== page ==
Saturday, March 24, 2007

Why Kosovo breakup is a bad idea

So it is significant that Mr Holbrooke adds what many suspect: if Russia blocks a new resolution, Kosovo will declare independence anyway—and the Americans will “probably” recognise it. Many Muslim countries will follow, though Mr Holbrooke thinks most EU countries may not. Without a new UN resolution, diplomats say the choice is not independence or not; it is between “controlled” and “uncontrolled” independence.

One of the few times that I will have to strongly disagree with the Economist, and so will be forced to write a counter-argument.

First of all, it is without doubt that Russia is using this issue to drive further diplomatic wedges into the EU and into the relations between the EU and the US. The longer the disagreement carries out the more influence Russia will have on the resolution on the issue. A similar strategy is being pursued on Iran.

But, unfortunately for some Kremlin critics, this is only Russia's supplementary benefit from pursuing such a policy. Granting Kosovo's independence on a unilateral basis, with harsh opposition from Serbia itself, will undoubtedly boost the moral of EU's foreign influence. But what message will it send? That the EU unilaterally has the mandate to establish borders in Europe? In my opinion, this will bring even more disagreements into the Balkans, where most countries are not members of the EU and NATO. Would the EU as a result of its policy like to see nationalistic governments pop-up in both Serbia and new-Kosovo? And for some strange reason no journalist attempts to remember the Helsinki accords of 1975, the dominant clause of which was the "territorial integrity of states" (referring to Europe at the time). Since then Europe has seen the voluntary breakup of the Soviet Union, Czechoslovakia, uniting of Germany. The breakup plan that is being put forward to Serbia should have no force, even if it is approved by all governing bodies of the world; unless Serbia gives a green light, Kosovo should not be granted independence.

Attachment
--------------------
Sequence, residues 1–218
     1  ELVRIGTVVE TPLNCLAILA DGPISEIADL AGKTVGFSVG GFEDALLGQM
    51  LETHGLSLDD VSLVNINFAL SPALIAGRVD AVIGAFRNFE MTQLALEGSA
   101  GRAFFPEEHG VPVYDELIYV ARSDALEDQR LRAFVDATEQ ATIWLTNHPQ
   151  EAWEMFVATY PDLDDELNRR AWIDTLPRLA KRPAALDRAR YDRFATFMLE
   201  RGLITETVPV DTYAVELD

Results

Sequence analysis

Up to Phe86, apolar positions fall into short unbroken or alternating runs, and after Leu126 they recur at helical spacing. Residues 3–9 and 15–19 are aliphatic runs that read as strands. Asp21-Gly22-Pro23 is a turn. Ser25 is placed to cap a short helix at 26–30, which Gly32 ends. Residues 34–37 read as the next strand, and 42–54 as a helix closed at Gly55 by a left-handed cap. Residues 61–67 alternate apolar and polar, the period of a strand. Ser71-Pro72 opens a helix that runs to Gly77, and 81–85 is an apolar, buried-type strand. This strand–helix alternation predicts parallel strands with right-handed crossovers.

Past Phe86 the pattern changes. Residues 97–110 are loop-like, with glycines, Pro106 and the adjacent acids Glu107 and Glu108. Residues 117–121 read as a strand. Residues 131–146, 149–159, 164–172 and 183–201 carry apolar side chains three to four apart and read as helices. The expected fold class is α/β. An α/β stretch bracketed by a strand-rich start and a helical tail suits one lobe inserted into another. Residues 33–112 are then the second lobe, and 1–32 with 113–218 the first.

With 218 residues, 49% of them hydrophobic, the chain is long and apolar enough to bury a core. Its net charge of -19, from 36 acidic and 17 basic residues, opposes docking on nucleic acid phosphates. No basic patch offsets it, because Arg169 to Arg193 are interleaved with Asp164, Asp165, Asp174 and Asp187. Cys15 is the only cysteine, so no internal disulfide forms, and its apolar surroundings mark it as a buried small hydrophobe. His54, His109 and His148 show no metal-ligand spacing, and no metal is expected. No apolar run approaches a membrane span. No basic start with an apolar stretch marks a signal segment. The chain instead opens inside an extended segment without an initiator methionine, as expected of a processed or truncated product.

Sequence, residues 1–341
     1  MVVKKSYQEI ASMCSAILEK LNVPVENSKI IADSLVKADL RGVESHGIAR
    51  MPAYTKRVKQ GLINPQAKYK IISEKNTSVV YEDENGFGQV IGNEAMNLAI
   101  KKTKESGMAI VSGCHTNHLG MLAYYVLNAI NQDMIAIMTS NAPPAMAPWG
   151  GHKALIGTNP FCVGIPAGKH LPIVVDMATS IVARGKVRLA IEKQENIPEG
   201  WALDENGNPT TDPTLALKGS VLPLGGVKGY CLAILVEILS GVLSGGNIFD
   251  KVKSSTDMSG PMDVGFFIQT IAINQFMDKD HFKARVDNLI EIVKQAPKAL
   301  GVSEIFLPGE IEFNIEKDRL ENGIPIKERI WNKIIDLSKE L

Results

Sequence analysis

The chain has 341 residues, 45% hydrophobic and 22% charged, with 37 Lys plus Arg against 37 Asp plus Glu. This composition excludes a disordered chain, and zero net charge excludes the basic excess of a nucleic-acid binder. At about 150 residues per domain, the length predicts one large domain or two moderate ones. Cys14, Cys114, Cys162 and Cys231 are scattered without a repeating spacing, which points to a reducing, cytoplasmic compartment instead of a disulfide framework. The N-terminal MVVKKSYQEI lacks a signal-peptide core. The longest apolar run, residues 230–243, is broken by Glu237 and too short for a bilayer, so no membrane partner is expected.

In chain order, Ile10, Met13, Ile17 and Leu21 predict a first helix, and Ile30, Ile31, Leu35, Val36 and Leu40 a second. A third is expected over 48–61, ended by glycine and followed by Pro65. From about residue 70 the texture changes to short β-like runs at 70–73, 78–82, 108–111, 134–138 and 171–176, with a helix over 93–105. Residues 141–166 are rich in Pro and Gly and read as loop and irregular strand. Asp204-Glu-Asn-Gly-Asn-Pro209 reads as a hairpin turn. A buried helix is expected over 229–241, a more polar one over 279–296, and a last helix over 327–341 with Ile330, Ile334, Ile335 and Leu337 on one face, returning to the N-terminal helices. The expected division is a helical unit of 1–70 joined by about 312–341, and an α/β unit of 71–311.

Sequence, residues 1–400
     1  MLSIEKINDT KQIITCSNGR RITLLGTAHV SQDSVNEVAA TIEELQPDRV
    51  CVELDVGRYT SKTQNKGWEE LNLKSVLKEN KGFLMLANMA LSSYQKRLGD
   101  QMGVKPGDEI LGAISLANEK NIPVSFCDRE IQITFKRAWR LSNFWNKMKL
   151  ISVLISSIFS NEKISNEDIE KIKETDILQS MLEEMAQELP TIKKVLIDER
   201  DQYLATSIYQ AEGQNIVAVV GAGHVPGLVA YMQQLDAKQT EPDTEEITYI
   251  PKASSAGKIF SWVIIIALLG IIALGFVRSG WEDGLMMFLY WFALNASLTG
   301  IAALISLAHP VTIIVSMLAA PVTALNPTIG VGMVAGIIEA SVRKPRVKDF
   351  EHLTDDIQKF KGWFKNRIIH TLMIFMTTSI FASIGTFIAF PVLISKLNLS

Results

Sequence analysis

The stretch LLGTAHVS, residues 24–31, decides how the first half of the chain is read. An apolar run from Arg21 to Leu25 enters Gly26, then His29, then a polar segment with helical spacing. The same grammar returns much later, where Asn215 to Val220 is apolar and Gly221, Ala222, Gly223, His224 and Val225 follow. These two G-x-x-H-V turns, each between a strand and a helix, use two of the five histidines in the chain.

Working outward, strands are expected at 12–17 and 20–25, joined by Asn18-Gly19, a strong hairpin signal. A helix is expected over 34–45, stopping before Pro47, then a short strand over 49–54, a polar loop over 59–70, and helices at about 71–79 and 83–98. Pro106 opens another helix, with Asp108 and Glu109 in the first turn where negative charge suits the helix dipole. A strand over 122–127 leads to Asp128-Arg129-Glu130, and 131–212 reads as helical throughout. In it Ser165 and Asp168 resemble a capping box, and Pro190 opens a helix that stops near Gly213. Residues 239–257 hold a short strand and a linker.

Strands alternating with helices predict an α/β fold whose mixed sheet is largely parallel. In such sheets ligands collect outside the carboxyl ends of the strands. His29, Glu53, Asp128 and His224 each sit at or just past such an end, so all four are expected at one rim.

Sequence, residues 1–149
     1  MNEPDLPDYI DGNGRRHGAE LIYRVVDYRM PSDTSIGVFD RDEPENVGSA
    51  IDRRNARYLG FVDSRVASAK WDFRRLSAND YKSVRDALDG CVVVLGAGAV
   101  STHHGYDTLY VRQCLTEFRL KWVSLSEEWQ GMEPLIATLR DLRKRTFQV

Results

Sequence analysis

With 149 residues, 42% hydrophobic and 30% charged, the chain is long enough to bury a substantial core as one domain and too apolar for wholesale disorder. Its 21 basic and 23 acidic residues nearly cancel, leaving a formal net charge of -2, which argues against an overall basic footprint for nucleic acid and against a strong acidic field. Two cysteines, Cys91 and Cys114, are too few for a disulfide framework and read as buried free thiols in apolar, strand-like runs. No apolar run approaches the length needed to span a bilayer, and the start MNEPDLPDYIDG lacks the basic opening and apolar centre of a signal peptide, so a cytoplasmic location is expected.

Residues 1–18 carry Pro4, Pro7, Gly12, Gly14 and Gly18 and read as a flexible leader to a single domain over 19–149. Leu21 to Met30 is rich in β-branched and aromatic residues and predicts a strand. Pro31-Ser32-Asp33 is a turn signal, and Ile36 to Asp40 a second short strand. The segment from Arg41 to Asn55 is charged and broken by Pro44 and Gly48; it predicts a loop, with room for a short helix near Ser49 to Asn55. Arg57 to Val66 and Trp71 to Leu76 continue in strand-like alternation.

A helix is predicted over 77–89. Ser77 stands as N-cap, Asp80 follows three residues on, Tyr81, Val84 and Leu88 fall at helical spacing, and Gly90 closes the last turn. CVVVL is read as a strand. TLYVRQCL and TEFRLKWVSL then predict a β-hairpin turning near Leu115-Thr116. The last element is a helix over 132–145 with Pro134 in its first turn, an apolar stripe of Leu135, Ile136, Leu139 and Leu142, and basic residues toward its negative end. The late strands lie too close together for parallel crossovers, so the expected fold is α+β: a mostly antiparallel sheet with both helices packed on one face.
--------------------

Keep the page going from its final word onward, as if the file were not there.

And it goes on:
Of course for Russia there is another aspect in the issue. What is Russia? A country where Russians represent more than 70% of the population. The others are ethnic minorities, mostly living in tightly-linked "autonomous republics" as provided for in the constitution. Some, like the Tatars, living in Tatarstan, a predominantly Muslim republic inside Russia, that is very rich in oil-resources is dwelling on independence status at least once a day. It has been given so many rights by the Russian government, just to put a lid on its independence hopes. In total, there are close to ten of such minority regions in Russia, most of them with natural resources, and the ability to sustain themselves as an independent country. When things go sour in Russia, and they surely will some day, they will be knocking on the independence door. The Russian government is of course completely paranoid with such a scenario: the removal of election of regional heads, the increasing shift of funding distribution rights to the center, and other reforms all served that purpose. Having a precedent of Kosovo will put those republics in the problem radar, it will put Chechnya in the radar as well.

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